By Laura King and David S. Cloud, Los Angeles Times –
KABUL, Afghanistan — With the American defense secretary in his capital, President Hamid Karzai on Thursday harshly criticized the Western war effort and hurried home from China to protest the deaths of 18 civilians in what Afghan officials said was an errant U.S. airstrike.
Civilian casualties have long been a sore point between the Karzai government and the NATO force, but the latest episode overshadowed the visit of Leon E. Panetta, who arrived for consultations with senior U.S. and Afghan officials about the American troop drawdown, which is to gather speed this summer.
By September, an additional 23,000 American troops are to head home, reducing their numbers to about 68,000, a schedule that Panetta said he expected would hold.
Addressing U.S. troops a day after the year’s deadliest day for Afghan civilians — which included a suicide bombing in Kandahar as well as the airstrike in Logar province, outside Kabul — the defense secretary sought to dispel the notion that violence is inexorably rising across Afghanistan.
“There is an uptick obviously, as we all expected, but the level of violence remains down from the past,” he told them.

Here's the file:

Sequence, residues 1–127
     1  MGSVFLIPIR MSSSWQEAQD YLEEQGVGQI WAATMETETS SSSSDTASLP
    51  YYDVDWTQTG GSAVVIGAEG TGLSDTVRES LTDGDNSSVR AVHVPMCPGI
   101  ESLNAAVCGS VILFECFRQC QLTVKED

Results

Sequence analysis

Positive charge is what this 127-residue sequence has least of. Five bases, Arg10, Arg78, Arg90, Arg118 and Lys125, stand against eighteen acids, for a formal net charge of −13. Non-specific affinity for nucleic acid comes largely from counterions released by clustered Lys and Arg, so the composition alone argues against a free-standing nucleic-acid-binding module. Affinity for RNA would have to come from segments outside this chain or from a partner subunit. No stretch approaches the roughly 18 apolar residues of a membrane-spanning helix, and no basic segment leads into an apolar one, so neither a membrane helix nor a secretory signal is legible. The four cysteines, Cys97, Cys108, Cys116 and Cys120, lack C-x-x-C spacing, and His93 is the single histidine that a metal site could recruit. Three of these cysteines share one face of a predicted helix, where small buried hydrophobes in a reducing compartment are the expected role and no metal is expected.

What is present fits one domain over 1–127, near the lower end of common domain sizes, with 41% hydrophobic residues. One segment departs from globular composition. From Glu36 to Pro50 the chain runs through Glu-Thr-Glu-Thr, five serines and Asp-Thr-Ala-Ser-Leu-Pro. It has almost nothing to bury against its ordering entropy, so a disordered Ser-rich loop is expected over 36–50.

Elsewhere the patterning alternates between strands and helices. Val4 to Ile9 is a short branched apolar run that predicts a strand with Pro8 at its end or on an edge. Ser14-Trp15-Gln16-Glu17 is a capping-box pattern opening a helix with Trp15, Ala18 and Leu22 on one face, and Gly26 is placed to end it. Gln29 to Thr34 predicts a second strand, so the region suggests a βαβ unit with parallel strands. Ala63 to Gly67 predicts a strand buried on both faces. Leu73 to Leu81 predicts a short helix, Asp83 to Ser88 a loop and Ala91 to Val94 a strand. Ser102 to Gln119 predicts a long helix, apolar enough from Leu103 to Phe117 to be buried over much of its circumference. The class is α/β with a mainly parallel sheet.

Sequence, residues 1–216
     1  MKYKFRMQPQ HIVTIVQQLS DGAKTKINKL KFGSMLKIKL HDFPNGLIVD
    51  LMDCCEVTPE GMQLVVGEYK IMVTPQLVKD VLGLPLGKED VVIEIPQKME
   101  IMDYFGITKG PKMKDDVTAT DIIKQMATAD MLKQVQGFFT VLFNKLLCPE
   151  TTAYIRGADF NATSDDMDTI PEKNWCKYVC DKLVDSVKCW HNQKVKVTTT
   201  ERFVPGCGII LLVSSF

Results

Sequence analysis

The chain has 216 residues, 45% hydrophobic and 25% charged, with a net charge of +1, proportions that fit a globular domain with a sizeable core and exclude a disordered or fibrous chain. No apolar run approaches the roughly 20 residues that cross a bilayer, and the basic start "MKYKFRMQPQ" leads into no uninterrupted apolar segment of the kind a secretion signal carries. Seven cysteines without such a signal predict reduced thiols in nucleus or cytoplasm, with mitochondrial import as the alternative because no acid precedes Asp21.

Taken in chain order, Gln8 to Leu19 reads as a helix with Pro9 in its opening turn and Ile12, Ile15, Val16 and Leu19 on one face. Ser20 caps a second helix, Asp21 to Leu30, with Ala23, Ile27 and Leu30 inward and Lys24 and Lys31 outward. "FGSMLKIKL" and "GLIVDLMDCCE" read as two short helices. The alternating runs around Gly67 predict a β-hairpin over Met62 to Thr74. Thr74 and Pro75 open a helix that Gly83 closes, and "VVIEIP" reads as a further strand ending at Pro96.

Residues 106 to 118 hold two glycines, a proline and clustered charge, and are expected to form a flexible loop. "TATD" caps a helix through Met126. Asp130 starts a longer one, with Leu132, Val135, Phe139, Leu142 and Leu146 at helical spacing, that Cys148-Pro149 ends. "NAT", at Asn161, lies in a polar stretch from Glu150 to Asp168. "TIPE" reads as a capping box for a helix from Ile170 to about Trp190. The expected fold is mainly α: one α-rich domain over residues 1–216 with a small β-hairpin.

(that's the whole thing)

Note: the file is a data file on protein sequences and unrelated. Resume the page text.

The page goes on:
In a visit that lasted just three hours, Panetta met with Gen. John Allen, the U.S. commander of Western forces in Afghanistan; U.S. Ambassador Ryan Crocker, who is soon leaving his post for health reasons; and Afghan Defense Minister Abdul Rahim Wardak, who appeared with the defense secretary at a joint news conference.
As those consultations were taking place, Karzai, still in China, issued a statement saying that Western military operations that harmed and killed civilians “can in no way be justifiable, acceptable and tolerable.”
Before cutting short his China trip and flying home to Kabul, arriving after Panetta’s departure, the Afghan leader telephoned the family of one of those killed in Wednesday’s bombardment in Logar province, offering condolences and promising a full investigation.
The Western military has acknowledged only injuries to two civilian women, but said those killed in the raid were insurgents. Afghan officials in Logar, however, said the airstrike hit not only a building where Taliban commanders were meeting, but also an adjacent structure filled with women and children.
Panetta was asked at the news conference whether the troop drawdown timetable was still feasible in light of recent developments. He said Allen was confident the withdrawals could proceed as planned.
But Wardak sounded more concerned about the pace of the pullbacks. He emphasized that the U.S. had promised periodic reviews of troop levels and the security situation, implying that if violence continued to rise, Afghan officials might seek to slow the departure of international troops.
The North Atlantic Treaty Organization force has been handing security responsibility to Afghan forces, a phased process that is to be completed by 2014, when NATO’s combat role ends. However, thousands of Western troops, including special operations forces and trainers for the Afghan police and army, are expected to remain after that.